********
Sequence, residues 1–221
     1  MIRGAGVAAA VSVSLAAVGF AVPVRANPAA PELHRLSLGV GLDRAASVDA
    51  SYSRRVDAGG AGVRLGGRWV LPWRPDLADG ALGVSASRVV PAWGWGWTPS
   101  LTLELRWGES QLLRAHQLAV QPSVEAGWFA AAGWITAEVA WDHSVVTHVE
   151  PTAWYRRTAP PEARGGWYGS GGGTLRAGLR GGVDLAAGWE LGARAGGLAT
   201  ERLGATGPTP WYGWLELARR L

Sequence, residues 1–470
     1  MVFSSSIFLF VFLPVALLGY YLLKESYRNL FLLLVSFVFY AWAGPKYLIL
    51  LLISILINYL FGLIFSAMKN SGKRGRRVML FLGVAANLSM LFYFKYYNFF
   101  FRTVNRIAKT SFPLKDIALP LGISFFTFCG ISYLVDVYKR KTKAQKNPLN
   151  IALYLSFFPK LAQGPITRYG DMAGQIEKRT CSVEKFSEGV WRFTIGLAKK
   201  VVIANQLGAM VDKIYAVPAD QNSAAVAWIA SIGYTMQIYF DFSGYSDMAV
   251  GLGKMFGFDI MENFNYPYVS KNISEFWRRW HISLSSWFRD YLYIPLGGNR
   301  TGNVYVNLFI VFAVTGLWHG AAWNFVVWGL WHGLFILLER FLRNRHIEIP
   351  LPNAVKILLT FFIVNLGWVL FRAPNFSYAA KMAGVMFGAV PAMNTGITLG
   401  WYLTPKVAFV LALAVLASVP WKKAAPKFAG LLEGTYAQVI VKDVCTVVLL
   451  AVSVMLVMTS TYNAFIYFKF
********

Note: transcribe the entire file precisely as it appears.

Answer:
Sequence, residues 1–221
     1  MIRGAGVAAA VSVSLAAVGF AVPVRANPAA PELHRLSLGV GLDRAASVDA
    51  SYSRRVDAGG AGVRLGGRWV LPWRPDLADG ALGVSASRVV PAWGWGWTPS
   101  LTLELRWGES QLLRAHQLAV QPSVEAGWFA AAGWITAEVA WDHSVVTHVE
   151  PTAWYRRTAP PEARGGWYGS GGGTLRAGLR GGVDLAAGWE LGARAGGLAT
   201  ERLGATGPTP WYGWLELARR L

Sequence, residues 1–470
     1  MVFSSSIFLF VFLPVALLGY YLLKESYRNL FLLLVSFVFY AWAGPKYLIL
    51  LLISILINYL FGLIFSAMKN SGKRGRRVML FLGVAANLSM LFYFKYYNFF
   101  FRTVNRIAKT SFPLKDIALP LGISFFTFCG ISYLVDVYKR KTKAQKNPLN
   151  IALYLSFFPK LAQGPITRYG DMAGQIEKRT CSVEKFSEGV WRFTIGLAKK
   201  VVIANQLGAM VDKIYAVPAD QNSAAVAWIA SIGYTMQIYF DFSGYSDMAV
   251  GLGKMFGFDI MENFNYPYVS KNISEFWRRW HISLSSWFRD YLYIPLGGNR
   301  TGNVYVNLFI VFAVTGLWHG AAWNFVVWGL WHGLFILLER FLRNRHIEIP
   351  LPNAVKILLT FFIVNLGWVL FRAPNFSYAA KMAGVMFGAV PAMNTGITLG
   401  WYLTPKVAFV LALAVLASVP WKKAAPKFAG LLEGTYAQVI VKDVCTVVLL
   451  AVSVMLVMTS TYNAFIYFKF